F.A.Q. on § 1983 actions

If you aren’t familiar with § 1983 actions, I’m hoping this F.A.Q. will help you. I sometimes cut some of this preamble from the cases that are summarized because of its length.

Q. What is a § 1983 case?

A. This occurs when a plaintiff (who will be bolded on this website) has accused a state or local police officer (defendant) of violating their constitutional rights. It is a civil case that is frequently heard in federal court. It is called a 1983 case because it derives from 42 U.S.C. § 1983. (Please note, an officer can also be criminally charged for violating someone’s constitutional rights. That is a different case from a 1983).

Q. How does the plaintiff prevail?

A. They have to prove both that a constitutional violation occurred and that it was “clearly established.”

Q. When a plaintiff files a § 1983 against an officer, what is the normal response by the officer?

A. The officer will often file a motion for summary judgement, arguing there are no genuine issues of material fact. Effectively, he is citing qualified immunity.

Q. What is a constitutional violation?

A. It could be excessive force, unlawful arrest, false imprisonment, or others. I think you will find excessive force to be the most common 1983 case. In all of the above examples, the argument is that the seizure is unreasonable thus violating the 4th amendment. Just keep in mind that 1983 actions can also be for unreasonable searches, denial of medical care, etc. Finally, proving excessive force is different from proving false imprisonment. Each has its own steps.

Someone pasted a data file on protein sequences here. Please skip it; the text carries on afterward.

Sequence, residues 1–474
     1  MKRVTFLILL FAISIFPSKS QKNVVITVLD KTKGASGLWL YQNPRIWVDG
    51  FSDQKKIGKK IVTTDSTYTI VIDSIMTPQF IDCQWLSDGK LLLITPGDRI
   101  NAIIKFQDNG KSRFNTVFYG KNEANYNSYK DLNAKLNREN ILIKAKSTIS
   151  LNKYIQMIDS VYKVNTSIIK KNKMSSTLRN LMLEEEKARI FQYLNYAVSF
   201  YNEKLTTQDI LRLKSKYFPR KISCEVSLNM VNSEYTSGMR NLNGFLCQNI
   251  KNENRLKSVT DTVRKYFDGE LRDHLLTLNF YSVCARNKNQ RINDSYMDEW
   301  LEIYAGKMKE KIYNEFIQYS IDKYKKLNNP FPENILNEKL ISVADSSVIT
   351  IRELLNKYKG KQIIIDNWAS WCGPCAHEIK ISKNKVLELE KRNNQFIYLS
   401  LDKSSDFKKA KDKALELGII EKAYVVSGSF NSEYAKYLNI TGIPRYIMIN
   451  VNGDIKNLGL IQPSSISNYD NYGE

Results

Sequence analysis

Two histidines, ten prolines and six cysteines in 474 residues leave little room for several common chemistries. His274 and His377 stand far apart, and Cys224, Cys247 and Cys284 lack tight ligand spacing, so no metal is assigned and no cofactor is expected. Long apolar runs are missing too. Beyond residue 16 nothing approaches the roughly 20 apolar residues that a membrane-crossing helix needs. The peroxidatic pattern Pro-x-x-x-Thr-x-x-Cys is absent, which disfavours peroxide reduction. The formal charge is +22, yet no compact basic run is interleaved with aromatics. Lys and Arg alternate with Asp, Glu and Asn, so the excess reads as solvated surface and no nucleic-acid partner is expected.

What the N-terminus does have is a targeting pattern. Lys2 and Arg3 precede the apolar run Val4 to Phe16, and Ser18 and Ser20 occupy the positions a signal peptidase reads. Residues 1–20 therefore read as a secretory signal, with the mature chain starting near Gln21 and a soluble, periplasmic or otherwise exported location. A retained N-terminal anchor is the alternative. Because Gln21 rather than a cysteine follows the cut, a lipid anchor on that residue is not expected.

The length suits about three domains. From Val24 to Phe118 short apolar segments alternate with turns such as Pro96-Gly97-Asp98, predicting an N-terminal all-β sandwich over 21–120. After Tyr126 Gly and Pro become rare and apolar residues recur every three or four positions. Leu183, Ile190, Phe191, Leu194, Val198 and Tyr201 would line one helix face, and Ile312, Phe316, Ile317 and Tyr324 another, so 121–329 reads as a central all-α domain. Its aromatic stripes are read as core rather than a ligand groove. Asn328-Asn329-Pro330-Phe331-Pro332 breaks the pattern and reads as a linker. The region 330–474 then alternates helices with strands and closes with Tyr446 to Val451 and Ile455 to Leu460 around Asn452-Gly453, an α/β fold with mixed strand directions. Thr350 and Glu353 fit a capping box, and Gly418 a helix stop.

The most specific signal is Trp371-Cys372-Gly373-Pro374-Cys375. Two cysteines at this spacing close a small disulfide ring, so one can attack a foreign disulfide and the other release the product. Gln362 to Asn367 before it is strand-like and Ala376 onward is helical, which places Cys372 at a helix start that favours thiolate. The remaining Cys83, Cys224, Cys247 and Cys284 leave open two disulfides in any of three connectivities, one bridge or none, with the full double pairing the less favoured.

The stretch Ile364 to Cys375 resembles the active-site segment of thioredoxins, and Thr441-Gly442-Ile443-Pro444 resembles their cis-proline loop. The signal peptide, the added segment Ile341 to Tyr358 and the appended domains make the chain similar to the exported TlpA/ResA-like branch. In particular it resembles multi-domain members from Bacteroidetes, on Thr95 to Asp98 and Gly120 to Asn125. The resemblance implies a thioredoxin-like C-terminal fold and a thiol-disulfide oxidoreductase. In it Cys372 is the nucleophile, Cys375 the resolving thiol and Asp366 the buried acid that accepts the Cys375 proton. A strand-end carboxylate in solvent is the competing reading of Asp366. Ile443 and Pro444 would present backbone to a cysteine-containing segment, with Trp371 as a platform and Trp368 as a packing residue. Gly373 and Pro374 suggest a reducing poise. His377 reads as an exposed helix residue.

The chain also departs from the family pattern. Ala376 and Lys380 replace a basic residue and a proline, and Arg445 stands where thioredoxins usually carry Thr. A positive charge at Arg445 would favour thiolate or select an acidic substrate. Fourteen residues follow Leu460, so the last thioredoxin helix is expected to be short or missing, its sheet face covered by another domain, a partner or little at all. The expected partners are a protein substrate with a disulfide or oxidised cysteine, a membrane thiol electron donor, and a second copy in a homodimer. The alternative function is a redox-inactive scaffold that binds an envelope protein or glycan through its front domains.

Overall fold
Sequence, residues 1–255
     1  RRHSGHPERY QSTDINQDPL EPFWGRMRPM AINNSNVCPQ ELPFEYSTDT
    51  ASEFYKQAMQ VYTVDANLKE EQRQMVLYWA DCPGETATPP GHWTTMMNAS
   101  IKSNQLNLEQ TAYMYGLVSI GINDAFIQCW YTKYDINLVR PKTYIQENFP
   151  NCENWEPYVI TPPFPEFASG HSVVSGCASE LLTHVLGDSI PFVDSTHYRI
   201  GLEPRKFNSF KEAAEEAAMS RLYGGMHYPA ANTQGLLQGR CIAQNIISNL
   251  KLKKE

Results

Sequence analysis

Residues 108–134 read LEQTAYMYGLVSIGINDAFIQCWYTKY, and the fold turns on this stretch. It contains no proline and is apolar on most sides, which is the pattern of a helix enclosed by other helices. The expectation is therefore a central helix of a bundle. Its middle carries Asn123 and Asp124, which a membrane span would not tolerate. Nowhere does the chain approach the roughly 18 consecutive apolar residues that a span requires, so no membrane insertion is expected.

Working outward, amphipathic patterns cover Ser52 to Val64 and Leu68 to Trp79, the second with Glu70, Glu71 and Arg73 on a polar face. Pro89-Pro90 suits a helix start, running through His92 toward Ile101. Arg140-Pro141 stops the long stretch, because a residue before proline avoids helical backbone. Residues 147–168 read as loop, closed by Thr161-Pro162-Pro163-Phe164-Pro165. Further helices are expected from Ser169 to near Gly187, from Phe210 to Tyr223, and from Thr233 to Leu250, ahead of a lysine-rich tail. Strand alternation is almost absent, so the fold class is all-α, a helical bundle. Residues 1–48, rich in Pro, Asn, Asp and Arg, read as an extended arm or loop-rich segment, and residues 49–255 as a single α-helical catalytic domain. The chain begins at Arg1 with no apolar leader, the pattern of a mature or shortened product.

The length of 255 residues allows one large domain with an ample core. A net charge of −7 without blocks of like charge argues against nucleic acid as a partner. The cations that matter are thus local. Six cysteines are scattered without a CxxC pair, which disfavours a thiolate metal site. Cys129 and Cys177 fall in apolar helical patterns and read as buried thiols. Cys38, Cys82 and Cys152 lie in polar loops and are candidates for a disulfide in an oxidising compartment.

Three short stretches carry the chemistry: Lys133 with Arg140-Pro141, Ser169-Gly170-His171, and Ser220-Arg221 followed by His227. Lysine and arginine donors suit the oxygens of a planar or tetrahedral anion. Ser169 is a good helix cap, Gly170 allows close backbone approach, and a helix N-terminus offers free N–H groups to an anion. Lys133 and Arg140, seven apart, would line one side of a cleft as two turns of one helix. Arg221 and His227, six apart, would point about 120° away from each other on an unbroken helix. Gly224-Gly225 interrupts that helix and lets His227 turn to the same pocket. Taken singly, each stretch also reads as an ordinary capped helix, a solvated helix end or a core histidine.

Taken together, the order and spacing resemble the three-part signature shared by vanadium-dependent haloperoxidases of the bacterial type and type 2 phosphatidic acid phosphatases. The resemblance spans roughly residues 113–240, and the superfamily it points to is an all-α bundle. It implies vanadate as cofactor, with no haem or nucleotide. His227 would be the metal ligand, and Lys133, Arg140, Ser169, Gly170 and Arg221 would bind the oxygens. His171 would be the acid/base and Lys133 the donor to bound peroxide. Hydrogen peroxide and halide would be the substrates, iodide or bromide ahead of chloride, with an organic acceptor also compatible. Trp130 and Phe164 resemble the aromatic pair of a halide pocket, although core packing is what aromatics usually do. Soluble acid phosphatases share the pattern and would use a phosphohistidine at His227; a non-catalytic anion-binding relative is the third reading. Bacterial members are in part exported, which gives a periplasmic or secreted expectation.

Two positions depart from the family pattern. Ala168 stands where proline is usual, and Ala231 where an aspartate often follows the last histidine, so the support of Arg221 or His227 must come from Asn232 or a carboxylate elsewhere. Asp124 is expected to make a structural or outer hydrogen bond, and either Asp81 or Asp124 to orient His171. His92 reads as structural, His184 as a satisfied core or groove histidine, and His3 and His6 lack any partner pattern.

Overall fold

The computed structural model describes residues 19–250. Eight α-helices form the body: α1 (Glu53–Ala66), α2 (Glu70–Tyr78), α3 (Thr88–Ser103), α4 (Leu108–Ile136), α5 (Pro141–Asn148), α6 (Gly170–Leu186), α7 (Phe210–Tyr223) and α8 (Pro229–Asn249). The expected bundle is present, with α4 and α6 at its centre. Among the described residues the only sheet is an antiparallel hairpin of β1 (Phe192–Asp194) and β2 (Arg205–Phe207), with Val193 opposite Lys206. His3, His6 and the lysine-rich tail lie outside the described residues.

Q. Since excessive force is most common, how would the officer be violating the constitution?

A. There needs to be 1) an injury, 2) resulting directly and only from use of force that was excessive and 3) excessiveness was unreasonable. As to injury, the court has said as long as a plaintiff has suffered some injury, even relatively insignificant injuries will prove cognizable when resulting from an officer’s unreasonably excessive force. To determine whether prong 2 and 3 were violated, the court looks at the Graham factors {see SCOTUS Graham v. Connor, 490 U.S. 386 (1989)}. Thus, they look at a) severity of crime, b) whether suspect poses an immediate threat to officers or others and c) whether he is actively resisting arrest or attempting to evade arrest by flight. Although not a part of the Graham factors, the 5th also considers the speed with which the officer resorted to force to determine whether prongs 2 and prong 3 were violated.

Q. Isn’t there a lot of he said she said? How would the court determine which version was correct?

A. It is very common for the officer to file a motion for summary judgement at the beginning of the lawsuit. If this is successful, the case is over. Thus, at this stage the court will construe all facts and inferences in the light most favorable to the plaintiff. However, it should also be noted that videos (body cameras) are very useful at this stage. Time after time, the video can be the neutral evidence that helps the police prevail.

Q. What is “clearly established?”

A. A clearly established right is one that is sufficiently clear that every reasonable official would have understood that what he is doing violates that right. Although a case directly on point is not necessary, there must be adequate authority at a sufficiently high level of specificity to put a reasonable official on notice that his conduct is definitively unlawful.